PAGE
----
Mr. krista:  "I like the song a lot, because that George Harrison guitar solo is so killer but he’s so reserved during the verses.  He’s mostly just rhythm but then just rips this rockabilly solo so much better than any rockabilly musician not named Carl Perkins. It just rips, and even with that standard beat, Ringo manages to be inventive.  I like that Paul is doing the Little Richard 'oooo' while the others are doing the British 'oh.'  You might need umlauts to type that."

Suggested covers:  These guys know how to do a good "ooo," too. Little Richard  Jerry Lee Lewis (with Little Richard)  

Edited by krista4
  • Like 4

Share this post


Link to post
Share on other sites
6 hours ago, krista4 said:

44.  I Am The Walrus (Magical Mystery Tour, 1967)

 

 

HORRIBLE PLACEMENT!!!

 

 

 

 

 

 

 

 

 

 

 

 

;)

 

  • Sad 1

Share this post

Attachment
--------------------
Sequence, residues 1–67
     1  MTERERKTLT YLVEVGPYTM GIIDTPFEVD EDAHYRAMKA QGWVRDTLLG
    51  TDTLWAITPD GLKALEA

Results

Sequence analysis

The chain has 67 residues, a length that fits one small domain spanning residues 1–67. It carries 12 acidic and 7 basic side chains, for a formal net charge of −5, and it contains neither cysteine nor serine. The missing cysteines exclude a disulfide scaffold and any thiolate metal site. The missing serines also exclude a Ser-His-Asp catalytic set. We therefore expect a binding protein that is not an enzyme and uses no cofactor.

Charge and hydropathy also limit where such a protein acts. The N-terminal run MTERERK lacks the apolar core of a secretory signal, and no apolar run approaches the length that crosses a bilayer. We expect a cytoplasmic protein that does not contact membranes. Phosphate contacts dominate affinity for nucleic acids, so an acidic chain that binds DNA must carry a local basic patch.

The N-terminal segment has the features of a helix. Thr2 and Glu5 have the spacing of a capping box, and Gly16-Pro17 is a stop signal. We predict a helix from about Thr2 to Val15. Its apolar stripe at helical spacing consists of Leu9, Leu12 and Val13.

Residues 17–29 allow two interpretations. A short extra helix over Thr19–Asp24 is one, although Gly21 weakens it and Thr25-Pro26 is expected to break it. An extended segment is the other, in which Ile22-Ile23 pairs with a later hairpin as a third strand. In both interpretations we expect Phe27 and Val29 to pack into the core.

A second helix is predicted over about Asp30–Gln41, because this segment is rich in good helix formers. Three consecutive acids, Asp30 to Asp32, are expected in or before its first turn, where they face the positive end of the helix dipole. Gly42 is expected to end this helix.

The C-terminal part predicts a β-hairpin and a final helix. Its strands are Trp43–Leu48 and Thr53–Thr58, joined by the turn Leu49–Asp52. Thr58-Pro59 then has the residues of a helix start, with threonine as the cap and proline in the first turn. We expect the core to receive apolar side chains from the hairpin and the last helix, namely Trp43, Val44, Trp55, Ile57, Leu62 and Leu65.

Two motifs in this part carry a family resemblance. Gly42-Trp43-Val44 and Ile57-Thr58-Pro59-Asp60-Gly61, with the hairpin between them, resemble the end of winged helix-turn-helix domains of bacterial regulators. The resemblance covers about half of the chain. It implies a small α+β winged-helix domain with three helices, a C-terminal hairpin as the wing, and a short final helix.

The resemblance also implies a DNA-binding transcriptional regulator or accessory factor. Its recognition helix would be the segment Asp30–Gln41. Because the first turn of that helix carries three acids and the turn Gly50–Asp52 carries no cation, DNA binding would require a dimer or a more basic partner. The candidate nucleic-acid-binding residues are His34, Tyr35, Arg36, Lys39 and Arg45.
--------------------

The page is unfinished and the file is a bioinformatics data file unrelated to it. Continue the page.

Link to post
Share on other sites
6 hours ago, Shaft41 said:

The sonic cornucopia is stunning though

Yes so many great sounds.  That and John's voice propel it into my top 10.

Share this post


Link to post
Share on other sites
9 minutes ago, shuke said:

 

HORRIBLE PLACEMENT!!!

 

 

 

 

 

 

 

 

 

 

 

 

;)

 

I can't quit due to legal threats from wikkid's intellectual property team, so...

  • Like 2

Share this post


Link to post
Share on other sites

Join the conversation

You can post now and register later. If you have an account, sign in now to post with your account.

Guest
Reply to this topic...

×   Pasted as rich text.   Restore formatting

  Only 75 emoji are allowed.

×   Your link has been automatically embedded.   Display as a link instead

×   Your previous content has been restored.   Clear editor

×   You cannot paste images directly. Upload or insert images from URL.


  • Recently Browsing   0 members

    No registered users viewing this page.